Saturday 23 October 2021
Flixbus boss on expansion
“First I have to learn a lot about greyhounds”
Flixmobility is already the largest provider in Germany. Now the travel platform is also expanding its market power in the USA. In an interview, founder Schwämmlein tells what he is hoping for from the expansion, to what extent the markets differ and whether there is a change in strategy behind the purchase.
What does the Greyhound purchase mean for Flixmobility’s expansion in the US market?
André Schwämmlein: That is a giant step for us. With the purchase, the US network is now roughly the same size as our European network. We drive to around 2500 destinations on both continents. We are no longer just a European company, but a global one with two similarly sized businesses in Europe and the USA.
The markets in Europe and the USA are different. The USA is a classic aircraft country – where do you see the potential for this step?
We started in the USA in 2018 and we can see that we were able to open up new markets for the bus in the network. We are very much focused on routes like New York – Washington, New York – Boston or LA – Las Vegas. Greyhound, on the other hand, has a very diverse network that is spread all over the country. That complements each other perfectly. We see very, very many synergies there and believe that we can now make an even better offer.
Greyhound’s offer was used less and less.
We offer a completely different technology, we work very strongly data-driven, i.e. customer-oriented. We will soon be able to apply this to the Greyhound network as well. And we are sure that much more is possible in the market. In addition, we now have a celebrity under our roof with the Greyhound brand.
What do you mean?
Everyone in the US knows Greyhound and most customers rate the brand very positively. If you drive the bus, you think Greyhound is good. And we also see that with Flixbus we can convince people of long-distance buses, for which the bus was often not an option before. We believe that these can be combined very well and see this as an opportunity to bring the market back to growth. I think we can convince people to leave the car.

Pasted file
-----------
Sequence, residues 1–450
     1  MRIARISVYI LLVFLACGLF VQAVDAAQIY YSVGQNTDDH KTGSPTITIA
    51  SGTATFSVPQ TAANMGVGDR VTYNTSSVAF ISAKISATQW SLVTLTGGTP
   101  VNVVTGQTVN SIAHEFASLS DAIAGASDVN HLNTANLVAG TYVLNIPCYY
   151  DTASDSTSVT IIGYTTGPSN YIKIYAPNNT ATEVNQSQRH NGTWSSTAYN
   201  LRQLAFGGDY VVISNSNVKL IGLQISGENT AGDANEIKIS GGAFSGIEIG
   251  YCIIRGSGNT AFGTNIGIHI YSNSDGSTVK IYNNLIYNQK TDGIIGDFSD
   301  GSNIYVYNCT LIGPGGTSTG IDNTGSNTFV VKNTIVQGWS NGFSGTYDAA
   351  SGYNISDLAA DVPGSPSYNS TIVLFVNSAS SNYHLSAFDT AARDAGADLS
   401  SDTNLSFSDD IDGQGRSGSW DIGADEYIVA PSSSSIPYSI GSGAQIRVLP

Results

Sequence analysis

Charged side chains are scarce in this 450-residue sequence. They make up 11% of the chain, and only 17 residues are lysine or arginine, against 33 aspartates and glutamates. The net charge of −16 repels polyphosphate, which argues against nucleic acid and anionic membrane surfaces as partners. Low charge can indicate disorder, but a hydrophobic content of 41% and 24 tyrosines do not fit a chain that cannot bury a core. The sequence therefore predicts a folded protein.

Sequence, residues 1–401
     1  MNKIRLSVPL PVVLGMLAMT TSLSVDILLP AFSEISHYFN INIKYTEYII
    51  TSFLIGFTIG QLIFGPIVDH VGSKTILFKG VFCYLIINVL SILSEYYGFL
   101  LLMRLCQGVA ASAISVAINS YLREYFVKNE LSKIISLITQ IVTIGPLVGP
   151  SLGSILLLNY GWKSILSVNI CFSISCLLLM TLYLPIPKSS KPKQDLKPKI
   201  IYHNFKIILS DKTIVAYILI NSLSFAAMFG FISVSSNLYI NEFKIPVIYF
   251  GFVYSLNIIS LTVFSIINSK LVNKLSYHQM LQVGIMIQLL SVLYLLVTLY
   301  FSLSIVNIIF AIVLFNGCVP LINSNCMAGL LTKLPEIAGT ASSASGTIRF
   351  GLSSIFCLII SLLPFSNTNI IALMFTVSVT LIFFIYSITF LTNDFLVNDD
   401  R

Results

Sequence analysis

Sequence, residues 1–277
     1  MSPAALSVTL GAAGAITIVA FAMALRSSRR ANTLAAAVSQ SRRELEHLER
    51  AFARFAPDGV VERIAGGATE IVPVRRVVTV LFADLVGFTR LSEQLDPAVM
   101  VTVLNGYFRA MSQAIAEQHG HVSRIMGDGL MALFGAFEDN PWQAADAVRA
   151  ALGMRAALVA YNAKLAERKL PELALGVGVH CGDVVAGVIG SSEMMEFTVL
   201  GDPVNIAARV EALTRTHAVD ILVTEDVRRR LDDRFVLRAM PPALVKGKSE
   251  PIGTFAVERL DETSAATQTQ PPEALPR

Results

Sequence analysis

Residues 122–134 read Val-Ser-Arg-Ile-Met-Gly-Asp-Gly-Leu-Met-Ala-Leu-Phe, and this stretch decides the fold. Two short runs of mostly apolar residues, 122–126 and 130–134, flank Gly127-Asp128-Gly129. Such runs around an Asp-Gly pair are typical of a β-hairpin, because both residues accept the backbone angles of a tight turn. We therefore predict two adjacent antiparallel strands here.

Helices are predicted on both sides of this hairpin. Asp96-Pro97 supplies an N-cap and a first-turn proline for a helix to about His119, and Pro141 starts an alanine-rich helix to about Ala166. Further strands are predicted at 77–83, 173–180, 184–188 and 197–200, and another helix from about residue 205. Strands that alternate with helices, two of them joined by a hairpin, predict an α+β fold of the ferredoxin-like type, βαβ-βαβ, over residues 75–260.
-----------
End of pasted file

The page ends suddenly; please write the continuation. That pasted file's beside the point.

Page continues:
Do you prefer the middle distance or the long distance?
We can now offer the complete spectrum and use the 2500 stops that Greyhound has for ourselves. There are just so many regions and small towns, so the bus is still the only way to travel. We built it in a similar way in Europe. In many – often smaller – cities, we are the only option to use long-distance transport.
So far, Greyhound has tended to address people who have to watch out for money – for Flixbus this only applies to a limited extent. What should that look like in the US market?
That will certainly be a big task that we have to solve so that the market can grow again and we reverse the negative trend in terms of the development of passengers and sales at Greyhound – also due to the pandemic. But that also worked in Europe. Ten years ago nobody could imagine using buses. Now it has become completely normal. A student who has never ridden a Flixbus? There hardly exist any more. And five years ago no University of California student took the bus to Las Vegas to party.
How do you intend to forge the two companies with two different cultures together?
Today is day one. First of all, we have to learn a lot about greyhounds. Greyhound has a history of more than 100 years in which the company has seen and achieved a great deal. People work here who not only do the job with a lot of passion, they also kept the company going against the adversities of a pandemic. There are no detailed plans yet for how we will bring this together. What is certain, however, is that we bring the technology with us so that Greyhound can now take the step into the 21st century.
Is there a strategy change behind the purchase – towards financially more heavily burdened assets?
We see this as an opportunity to turn a market. If we have the chance to buy a historical player and that makes sense to us, then there is nothing to be said against growing through acquisitions. In other countries, such as the UK or Portugal, we tend to pursue a strategy of organic growth. But when we do a takeover like this, we have to be convinced that it will bring something that will help the company.
Some see the purchase as a step in preparing for an IPO. Is that correct?
Basically, we are well financed to begin with, as we have just finished a financing round. We therefore have no pressure to seek private or public funding. But we also always tried to build a strong company, we never looked to see if we might want to sell. An IPO is therefore always an option that has to be discussed at some point. But there are currently no concrete plans.
Bastian Hose spoke to André Schwämmlein
This interview is at first Capital.de appeared.